You can debate if the films hold up, but their lessons certainly do
Want to feel old? Steven Spielberg’s Minority Report was released fifteen years ago.
It casts a long shadow. For a decade after the film’s release, it was referenced at least once at every conference relating to human-computer interaction. Unsurprisingly, most of the focus has been on the technology in the film. The hardware and interfaces in Minority Report came out of a think tank assembled in pre-production. It provided plenty of fodder for technologists to mock and praise in subsequent years: gestural interfaces, autonomous cars, miniature drones, airpods, ubiquitous advertising and surveillance.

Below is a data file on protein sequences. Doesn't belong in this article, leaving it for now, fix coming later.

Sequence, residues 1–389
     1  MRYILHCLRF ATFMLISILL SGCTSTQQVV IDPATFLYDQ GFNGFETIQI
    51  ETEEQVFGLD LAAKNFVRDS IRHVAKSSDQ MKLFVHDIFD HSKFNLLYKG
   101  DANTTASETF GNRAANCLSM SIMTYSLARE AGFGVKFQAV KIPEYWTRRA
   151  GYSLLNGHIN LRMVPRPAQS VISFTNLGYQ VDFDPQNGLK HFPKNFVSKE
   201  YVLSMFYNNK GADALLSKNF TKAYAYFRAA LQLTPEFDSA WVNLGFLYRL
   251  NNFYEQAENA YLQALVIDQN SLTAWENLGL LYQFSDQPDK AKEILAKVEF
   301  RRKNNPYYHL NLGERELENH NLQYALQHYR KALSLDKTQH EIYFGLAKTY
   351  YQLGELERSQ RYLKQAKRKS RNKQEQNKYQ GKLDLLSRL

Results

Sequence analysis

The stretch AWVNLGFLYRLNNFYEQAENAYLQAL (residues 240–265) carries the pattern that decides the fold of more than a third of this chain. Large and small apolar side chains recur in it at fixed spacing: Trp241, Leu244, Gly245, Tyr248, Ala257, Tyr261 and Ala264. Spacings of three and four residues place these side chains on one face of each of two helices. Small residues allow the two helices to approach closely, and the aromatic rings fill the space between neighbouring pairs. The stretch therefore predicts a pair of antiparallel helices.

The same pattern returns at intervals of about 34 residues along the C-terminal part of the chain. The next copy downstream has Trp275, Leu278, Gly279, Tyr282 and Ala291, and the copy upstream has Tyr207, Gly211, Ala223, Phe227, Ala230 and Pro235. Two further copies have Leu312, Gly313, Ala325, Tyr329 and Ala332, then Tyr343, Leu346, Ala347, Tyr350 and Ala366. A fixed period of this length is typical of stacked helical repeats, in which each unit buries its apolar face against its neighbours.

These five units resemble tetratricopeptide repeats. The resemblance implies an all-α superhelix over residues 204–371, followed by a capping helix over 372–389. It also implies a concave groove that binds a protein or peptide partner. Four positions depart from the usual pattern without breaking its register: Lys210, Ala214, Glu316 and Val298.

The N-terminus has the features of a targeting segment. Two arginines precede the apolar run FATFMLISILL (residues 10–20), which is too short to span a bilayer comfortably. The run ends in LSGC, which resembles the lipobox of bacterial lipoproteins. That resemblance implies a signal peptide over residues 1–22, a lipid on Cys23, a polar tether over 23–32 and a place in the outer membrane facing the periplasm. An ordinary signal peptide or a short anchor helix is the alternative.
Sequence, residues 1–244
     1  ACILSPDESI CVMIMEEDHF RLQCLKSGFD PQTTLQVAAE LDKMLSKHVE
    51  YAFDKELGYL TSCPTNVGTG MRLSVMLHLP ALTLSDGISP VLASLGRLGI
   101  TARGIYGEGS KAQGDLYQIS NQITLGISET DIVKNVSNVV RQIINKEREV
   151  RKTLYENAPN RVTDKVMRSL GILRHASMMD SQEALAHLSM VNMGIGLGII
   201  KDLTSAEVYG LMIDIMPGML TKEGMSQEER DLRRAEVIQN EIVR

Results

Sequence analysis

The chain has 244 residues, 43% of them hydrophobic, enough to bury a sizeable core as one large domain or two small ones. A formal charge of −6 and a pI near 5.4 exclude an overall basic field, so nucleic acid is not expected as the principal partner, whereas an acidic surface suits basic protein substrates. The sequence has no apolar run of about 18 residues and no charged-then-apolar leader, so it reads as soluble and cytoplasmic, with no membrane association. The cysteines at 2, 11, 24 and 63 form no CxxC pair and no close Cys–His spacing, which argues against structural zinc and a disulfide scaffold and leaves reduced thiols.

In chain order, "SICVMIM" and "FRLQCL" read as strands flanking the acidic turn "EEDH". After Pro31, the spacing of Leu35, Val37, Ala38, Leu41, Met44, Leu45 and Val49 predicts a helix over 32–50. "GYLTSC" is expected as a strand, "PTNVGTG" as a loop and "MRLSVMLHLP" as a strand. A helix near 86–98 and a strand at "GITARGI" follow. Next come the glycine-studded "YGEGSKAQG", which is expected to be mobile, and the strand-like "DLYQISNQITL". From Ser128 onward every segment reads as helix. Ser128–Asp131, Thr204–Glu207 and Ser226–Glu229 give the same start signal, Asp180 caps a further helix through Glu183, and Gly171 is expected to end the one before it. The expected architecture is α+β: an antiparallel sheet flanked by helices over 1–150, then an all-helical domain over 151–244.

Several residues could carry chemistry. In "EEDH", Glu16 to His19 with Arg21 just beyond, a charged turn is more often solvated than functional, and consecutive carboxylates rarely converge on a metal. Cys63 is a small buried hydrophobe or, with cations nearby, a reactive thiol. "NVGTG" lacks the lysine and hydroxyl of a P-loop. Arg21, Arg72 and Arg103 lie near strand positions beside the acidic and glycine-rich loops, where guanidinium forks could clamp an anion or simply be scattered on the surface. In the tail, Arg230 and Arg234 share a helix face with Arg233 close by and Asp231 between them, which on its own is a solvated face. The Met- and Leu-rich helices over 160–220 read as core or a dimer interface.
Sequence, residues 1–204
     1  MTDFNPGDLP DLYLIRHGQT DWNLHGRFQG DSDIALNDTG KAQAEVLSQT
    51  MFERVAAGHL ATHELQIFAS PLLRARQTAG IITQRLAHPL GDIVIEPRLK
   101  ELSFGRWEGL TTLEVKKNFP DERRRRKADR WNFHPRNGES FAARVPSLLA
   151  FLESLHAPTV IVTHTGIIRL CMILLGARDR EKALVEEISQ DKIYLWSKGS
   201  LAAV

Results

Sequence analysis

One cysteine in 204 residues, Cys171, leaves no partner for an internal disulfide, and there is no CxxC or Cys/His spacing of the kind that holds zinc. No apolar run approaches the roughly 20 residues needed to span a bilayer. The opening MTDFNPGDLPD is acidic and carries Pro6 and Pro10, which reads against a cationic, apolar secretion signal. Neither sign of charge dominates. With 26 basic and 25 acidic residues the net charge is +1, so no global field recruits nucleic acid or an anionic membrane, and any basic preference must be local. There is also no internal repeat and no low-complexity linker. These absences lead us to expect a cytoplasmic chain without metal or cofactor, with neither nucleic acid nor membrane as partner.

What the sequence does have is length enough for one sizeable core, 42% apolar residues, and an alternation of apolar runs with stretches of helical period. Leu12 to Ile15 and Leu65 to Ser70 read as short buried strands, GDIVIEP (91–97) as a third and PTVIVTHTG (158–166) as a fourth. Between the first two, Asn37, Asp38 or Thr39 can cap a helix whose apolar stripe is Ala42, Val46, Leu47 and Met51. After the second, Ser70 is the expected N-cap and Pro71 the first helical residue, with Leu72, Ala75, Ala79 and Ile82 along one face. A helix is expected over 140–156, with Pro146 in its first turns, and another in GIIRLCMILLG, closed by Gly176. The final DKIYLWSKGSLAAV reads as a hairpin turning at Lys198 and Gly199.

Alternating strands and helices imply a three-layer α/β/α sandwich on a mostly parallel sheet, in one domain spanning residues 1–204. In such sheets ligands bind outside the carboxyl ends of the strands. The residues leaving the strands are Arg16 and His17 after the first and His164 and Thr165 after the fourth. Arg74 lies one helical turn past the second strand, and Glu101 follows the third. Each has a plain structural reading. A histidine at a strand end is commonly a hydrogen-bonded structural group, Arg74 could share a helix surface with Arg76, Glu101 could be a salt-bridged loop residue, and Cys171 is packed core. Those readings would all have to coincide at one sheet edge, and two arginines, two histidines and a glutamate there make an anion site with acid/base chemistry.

Great TV is inflicting pain on the movie business. Not just because the most creative writers and directors are expanding their ambitions to the small screen, but also because many of the theaters where you see high-brow films have disappeared. But the Golden Age of TV has also made it possible to see these small films from the comfort of your couch, not long after their theatrical release or occasionally at the same time. This list is filled with a bunch of heavy seeming stories, fitting given the events of the past year, but in this relative gloom, there is so much beauty. Art always helps bury sorrow, even if the art is sorrowful.
1.La La Land– Dir. Damien Chazelle (Emma Stone, Ryan Gosling)